Did we mention realism? Take a look at the company’s Web site, www.sebileusa.com, and there is a video of the incredibly popular Magic Swimmer being followed by a live sardine off the coast of Mexico. It’s not uncommon for forage to follow artificial baits, but this coupling of the real McCoy and its mirror-image plastic cousin gives you a good look at how Sebile’s lures have been designed to mimic bait fish.
Once the Classic was over Bass Junkies were abuzz with talk about the funny-looking Magic Swimmer. It has a thin profile, tapering to the tail and three segments of the body. But there’s nothing funny at all about how it looks in the water. It looks super. Very realistic, very “slinky,” in a sexy way, that bass can’t stand.
Sebile’s Magic Swimmer became the must-have bait on the Bassmaster Elite Series tour last season and anglers were snapping them up wherever they could find them or order them. The colors match common baitfish such as perch, shad and blueback herring.
But that isn’t the only bait in the Sebile arsenal and we’ve been fortunate enough to have a chance to play with some of the other ones. Other lures in the Sebile lineup are split into two divisions: The “Possessed” series with the Stick Shadd, Ghost Walker, Bonga Minnow, Splasher, Flatt Shad and Koolie Minnow. In the “Evidence” series you’ll find the Slim Stick, ACast Minnow and Magic Swimmer.
We’ve been like the fat kid at the buffet line trying to choose something from our little pile. The designs are unique and the thinking innovative. For example, inside some of the baits is a semi-thick oil containing glitter flakes. When the bait is vibrating, the oil and flakes move – resembling fluttering scales. Also, the Slim Stick topwater is “bent” in the middle, sort of like a chubby worm looking over a limb. The design helps keep the head at the surface, the rear of the bait in the water and imparts a unique movement during the retrieve.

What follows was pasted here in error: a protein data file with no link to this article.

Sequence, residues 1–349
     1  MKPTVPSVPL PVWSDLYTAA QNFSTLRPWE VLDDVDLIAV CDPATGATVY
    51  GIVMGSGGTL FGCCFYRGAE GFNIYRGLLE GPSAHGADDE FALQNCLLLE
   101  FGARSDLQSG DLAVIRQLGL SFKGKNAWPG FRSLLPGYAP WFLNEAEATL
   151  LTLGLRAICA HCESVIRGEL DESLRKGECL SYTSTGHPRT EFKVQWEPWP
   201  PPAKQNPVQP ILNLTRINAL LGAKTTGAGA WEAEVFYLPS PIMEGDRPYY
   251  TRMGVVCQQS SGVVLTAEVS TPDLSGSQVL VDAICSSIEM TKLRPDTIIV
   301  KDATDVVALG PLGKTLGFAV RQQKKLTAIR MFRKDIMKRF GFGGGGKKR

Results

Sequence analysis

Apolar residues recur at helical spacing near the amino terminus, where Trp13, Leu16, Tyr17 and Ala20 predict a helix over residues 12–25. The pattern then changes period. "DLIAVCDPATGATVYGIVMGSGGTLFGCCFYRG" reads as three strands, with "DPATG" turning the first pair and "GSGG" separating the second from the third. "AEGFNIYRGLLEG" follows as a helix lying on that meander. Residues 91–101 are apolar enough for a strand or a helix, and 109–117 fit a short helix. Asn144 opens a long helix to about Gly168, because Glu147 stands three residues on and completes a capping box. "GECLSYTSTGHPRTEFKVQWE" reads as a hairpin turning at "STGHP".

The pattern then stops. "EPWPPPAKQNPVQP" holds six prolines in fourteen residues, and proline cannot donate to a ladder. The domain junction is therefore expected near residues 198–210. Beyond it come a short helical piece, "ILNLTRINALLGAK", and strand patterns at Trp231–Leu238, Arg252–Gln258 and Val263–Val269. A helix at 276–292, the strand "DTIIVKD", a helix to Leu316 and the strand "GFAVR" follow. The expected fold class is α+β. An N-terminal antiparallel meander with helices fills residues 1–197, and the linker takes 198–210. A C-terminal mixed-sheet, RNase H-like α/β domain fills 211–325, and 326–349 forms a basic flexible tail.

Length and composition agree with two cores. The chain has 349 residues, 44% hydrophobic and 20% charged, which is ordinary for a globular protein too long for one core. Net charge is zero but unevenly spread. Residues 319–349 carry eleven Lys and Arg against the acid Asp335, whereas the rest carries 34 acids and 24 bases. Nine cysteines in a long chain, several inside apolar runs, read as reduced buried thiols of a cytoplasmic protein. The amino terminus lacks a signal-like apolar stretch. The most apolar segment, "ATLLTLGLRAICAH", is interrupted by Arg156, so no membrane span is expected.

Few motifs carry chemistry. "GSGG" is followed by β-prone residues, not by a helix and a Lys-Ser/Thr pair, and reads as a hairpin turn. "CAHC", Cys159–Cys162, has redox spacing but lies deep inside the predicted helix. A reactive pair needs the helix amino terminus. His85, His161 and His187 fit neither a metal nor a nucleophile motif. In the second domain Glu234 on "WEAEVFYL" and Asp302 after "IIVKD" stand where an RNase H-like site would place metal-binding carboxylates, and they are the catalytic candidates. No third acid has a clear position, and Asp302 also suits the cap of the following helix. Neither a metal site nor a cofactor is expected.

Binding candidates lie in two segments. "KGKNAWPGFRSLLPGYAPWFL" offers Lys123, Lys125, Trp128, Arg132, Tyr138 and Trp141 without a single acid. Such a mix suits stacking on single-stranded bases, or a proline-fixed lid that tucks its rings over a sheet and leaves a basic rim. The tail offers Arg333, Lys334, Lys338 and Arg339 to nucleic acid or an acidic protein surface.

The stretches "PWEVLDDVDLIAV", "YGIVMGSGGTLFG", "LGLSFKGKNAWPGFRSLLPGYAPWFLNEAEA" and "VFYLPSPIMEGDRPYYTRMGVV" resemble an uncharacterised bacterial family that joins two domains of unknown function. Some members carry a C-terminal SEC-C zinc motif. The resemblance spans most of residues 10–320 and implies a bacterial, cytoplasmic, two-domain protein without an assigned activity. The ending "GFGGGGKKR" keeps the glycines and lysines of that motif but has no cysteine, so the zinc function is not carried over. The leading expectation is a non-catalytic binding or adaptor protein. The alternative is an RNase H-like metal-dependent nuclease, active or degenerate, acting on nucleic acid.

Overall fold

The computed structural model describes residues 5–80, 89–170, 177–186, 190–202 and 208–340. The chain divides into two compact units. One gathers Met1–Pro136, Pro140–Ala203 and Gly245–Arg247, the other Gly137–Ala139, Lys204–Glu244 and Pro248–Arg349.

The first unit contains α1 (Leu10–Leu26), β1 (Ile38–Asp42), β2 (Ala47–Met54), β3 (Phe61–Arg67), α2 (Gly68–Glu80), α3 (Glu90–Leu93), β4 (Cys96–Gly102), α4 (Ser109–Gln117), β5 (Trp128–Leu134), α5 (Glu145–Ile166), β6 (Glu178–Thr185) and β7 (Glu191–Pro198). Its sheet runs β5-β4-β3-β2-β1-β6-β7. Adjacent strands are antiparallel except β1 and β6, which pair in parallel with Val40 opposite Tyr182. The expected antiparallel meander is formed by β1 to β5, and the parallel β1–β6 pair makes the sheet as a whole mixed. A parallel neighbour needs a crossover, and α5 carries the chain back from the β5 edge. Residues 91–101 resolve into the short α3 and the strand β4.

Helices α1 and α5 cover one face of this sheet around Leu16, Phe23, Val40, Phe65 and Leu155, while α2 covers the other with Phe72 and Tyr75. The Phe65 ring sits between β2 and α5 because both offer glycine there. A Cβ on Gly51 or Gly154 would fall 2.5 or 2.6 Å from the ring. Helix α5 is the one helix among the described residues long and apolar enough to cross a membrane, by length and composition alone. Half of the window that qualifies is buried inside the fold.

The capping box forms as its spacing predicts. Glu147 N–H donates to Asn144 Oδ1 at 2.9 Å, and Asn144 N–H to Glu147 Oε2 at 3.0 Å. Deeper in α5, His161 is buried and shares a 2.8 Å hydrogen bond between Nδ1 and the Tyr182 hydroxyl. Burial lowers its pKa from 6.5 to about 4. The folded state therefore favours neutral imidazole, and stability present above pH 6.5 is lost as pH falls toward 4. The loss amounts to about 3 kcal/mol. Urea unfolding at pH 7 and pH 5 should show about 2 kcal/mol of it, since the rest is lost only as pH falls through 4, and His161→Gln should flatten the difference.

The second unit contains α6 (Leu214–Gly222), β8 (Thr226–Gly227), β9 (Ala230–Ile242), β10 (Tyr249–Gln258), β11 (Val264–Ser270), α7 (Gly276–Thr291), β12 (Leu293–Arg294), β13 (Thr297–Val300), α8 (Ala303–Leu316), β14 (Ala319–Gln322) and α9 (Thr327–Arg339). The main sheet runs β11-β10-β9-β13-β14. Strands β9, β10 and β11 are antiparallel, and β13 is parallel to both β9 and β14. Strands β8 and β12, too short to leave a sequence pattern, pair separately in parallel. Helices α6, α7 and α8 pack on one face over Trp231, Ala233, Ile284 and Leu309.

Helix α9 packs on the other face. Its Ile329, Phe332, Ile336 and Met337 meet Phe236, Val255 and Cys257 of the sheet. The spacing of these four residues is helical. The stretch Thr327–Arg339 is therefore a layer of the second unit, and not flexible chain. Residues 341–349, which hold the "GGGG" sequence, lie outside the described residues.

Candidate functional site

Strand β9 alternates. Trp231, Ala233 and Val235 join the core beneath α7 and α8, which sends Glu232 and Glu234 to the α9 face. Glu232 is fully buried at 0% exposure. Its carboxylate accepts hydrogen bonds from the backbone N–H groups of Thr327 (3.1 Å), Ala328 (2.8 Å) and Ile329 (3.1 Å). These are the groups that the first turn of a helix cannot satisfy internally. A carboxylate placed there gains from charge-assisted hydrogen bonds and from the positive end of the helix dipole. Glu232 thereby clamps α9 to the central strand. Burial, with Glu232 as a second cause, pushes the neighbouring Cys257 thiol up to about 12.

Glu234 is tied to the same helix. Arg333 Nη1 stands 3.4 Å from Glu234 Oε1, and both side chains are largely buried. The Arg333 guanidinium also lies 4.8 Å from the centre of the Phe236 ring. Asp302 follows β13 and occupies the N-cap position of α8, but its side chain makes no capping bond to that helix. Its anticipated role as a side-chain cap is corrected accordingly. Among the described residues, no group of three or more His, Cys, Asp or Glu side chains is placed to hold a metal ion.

Flatt Shad stood out
But one bait we’ve come to love for its simplicity is the Flatt Shad. It is a lipless crankbait with a few design tweaks like the others. First, it comes in two sizes: half-ounce and three-eighths ounce. The body is thin, with rounded edges, a swooped belly tail and subtle scoops on either side of the body below the midline.
What does all that mean? Well, from what we’ve seen it creates the tight wiggle we’ve come to expect from lipless crankbaits. But we’ve noticed the tail moves just a little wider during the retrieve … sort of a combination of the tight lipless and just a smidge of the fat-body crank wobble. It’s not a lot, and maybe we’ve been in the sun too long. But whatever it is, we like it.
We’ve tested the Flatt Shad on big and small lakes, fishing alone with no other pressure and behind other anglers hitting targets like sharpshooters at the range. In both cases the Flatt Shad attracted the attention of others who were curious about the new lipless crankbait.
Our testing rig was a Quantum Gerald Swindle Signature Series 6-foot-6 medium action with a Quantum PT reel and 10-pound test Silver Thread AN40 copolymer. That may not be the “ideal” setup for a lipless crankbait, but it worked fine and we liked the way it caught fish. The bass liked the setup, too, because it put the Flatt Shad humming along in front of them and they thumped it.
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